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Thursday, 16 November 2017

Oyo 404 acres of land dispute : Defence closes case

The almost five-year old land dispute between some families in Ibadan and the government of Oyo State entered a crucial stage on Wednesday with the defence closing its case by the calling and cross-examination of two and the last witnesses in the case.

Some families in the Oyo State capital had dragged the government of the state as represented by the governor, Sen. Abiola Ajimobi and two of his Commissioners (Lands, Housing and Survey and Attorney-General and Commissioner for Justice) before Justice Adegboye Gbolagunte of the State High Court, MKO Abiola Way (former Ring Road), Ibadan over the 404 hectares of land between Forestry Research Institute of Nigeria (FRIN) and Nigerian Institute of Horticultural Research (NIHORT), both based in Ibadan.

The land, which was previously acquired by the Federal Government (FG) was returned to the original owners (the families) through the state government, but it became an issue for litigation when the state government after the release revoked it, a development that did not go down well with some of the families.

At the resumed hearing of the case on Wednesday, counsel to the defendants, Niyi Ajewole called two witnesses, Alhaji Iyanda Adetunmbi and Rafiu Adejare, the fourth and fifth respondents respectively and led them in giving evidence.

Alhaji Adetunmbi in his evidence admitted that the prime member among the claimants, Chief Ganiyu Ladigbolu is a member of the families claiming to be the original owners of the land just as he told the court that STAD, a private property company which negotiated the release of the land with the FG had sometimes in 2012 sued the same Alhaji Ladigbolu and the court paper was tendered and admitted as ‘Exhibit DD’.

Under cross-examination by another counsel, N.A. Abiola from the State Ministry of Justice, the old man admitted that after the release of the land to the original owners, the state government acquired the same land through notice of revocation served on the families.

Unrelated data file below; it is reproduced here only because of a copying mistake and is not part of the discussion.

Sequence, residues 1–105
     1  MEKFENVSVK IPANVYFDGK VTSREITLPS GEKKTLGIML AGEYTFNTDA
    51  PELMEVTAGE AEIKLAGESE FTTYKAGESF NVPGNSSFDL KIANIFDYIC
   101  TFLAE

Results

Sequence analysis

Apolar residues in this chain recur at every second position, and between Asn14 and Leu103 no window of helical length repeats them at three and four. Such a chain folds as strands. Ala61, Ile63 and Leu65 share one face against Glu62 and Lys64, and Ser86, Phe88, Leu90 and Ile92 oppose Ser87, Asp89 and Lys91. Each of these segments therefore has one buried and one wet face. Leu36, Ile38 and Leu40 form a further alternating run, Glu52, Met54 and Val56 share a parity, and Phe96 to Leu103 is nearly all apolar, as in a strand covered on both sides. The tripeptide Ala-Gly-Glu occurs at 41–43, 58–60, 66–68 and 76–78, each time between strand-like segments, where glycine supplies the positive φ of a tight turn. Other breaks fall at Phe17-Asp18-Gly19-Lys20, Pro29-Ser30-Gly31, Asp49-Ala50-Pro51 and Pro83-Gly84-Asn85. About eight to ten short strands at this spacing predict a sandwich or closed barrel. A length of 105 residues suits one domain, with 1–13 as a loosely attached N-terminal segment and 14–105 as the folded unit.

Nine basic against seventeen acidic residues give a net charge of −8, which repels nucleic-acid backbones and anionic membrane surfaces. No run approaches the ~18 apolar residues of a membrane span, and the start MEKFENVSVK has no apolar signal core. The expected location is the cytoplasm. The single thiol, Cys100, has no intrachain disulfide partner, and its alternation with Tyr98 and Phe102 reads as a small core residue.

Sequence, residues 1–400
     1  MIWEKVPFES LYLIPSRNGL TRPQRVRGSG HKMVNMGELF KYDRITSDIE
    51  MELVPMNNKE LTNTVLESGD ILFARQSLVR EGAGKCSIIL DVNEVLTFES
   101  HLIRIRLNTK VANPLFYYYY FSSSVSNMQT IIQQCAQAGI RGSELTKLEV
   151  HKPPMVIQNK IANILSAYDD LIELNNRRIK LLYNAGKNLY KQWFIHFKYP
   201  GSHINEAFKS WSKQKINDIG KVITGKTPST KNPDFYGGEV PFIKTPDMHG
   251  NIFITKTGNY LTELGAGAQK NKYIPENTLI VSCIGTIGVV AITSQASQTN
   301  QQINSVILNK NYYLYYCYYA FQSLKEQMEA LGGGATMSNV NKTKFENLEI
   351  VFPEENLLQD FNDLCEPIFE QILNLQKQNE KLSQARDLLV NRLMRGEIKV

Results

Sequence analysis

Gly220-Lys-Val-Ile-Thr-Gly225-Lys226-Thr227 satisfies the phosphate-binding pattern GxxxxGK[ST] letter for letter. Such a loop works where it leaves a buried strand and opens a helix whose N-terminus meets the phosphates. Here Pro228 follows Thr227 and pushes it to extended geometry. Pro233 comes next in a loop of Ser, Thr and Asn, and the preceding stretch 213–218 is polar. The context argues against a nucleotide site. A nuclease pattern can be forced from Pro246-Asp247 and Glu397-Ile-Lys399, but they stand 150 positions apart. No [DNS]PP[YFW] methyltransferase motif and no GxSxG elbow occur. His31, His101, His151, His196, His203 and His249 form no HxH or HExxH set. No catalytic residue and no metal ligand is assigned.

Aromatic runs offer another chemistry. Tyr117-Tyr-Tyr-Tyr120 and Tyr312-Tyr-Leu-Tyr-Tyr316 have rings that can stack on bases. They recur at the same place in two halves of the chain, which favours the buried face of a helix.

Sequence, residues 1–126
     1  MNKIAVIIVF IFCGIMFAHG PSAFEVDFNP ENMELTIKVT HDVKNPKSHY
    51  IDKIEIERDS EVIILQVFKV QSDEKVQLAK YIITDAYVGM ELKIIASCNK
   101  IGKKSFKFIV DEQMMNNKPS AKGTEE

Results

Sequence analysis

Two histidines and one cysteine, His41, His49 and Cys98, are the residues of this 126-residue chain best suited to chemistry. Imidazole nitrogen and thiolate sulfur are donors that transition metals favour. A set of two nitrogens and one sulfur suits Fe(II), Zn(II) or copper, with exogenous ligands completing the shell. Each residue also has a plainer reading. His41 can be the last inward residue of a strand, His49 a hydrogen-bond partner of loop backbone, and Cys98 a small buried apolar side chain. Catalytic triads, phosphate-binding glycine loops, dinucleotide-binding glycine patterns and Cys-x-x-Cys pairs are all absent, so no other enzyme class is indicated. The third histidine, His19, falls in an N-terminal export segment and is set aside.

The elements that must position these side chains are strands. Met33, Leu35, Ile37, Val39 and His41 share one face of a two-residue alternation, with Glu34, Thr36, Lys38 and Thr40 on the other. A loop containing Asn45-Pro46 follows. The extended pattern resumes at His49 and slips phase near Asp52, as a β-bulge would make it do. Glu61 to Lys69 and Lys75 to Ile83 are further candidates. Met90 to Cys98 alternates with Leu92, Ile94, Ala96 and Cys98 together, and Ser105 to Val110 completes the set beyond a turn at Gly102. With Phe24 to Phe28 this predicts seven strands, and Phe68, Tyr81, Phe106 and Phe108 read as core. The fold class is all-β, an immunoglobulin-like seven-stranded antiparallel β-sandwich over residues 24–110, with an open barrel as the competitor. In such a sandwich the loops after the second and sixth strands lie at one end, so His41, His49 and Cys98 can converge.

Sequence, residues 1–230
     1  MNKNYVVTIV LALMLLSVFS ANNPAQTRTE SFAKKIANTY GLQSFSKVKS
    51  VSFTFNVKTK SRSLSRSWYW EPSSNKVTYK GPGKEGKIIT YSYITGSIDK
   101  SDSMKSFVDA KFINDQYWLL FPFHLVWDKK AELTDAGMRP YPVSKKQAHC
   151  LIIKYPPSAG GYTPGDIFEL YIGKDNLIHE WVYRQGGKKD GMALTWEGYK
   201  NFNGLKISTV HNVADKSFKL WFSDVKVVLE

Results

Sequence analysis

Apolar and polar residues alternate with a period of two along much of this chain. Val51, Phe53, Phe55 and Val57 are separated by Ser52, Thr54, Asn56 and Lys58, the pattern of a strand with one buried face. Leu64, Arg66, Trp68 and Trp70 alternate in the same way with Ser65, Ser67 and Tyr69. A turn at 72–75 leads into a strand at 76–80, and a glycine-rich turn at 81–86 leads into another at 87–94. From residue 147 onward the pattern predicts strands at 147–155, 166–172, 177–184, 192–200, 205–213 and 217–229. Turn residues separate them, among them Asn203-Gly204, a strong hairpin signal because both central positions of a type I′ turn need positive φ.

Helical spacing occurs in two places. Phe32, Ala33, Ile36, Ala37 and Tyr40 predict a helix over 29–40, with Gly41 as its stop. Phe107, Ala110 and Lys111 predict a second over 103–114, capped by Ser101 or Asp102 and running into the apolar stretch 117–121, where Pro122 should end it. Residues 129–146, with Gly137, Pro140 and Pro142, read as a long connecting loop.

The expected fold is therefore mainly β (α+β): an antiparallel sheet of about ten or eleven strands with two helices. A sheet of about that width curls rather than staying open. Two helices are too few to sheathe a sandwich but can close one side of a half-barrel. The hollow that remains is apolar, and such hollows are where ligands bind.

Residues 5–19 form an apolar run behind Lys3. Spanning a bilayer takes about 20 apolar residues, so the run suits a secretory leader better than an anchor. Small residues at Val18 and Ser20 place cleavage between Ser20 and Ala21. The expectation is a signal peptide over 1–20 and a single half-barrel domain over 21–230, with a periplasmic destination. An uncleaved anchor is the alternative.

Abiola also led the witness to corroborate the fact that a hundred acres (100 acres) of the land was given to the families by the state government as compensation which both the original owners as represented by High Chief (now Oba) Eddy Oyewole (6th defendant) and the state government agreed on.

Out of the 17 different families presented as the original owners, the witness under cross-examination dismissed about 15 as not part of the families, though, he insisted that Adeleye family belongs to the group of original owners contrary to the insinuation by Abiola.

In his own witness as being led by Ajewole, Alhaji Adejare owned up to have signed an oath on 23rd September, 2014 and pleaded that the document be taken as his evidence, but, under cross- examination by one of the counsel to the claimants, Kelly Ogbe, he admitted that he could neither read nor write and could only converse in Yoruba Language.

Earlier before the defence called his witnesses, there had been the announcement of two different applications by two different parties seeking to join both as the claimants and the defendants, but were stepped down because they were not ripe for hearing.

Though, one of the new counsel tried as much as possible to prevent the court from proceeding with the case until his application is heard, the judge stood his ground that the case should continue, recalling that it was about this time last year that a similar application was brought and assured the counsel that his application would be heard on its merit.

The judge, Justice Adegboye Gbolagunte subsequently adjourned the case till 16th January, 2018 for further hearing and the taking of all the applications.

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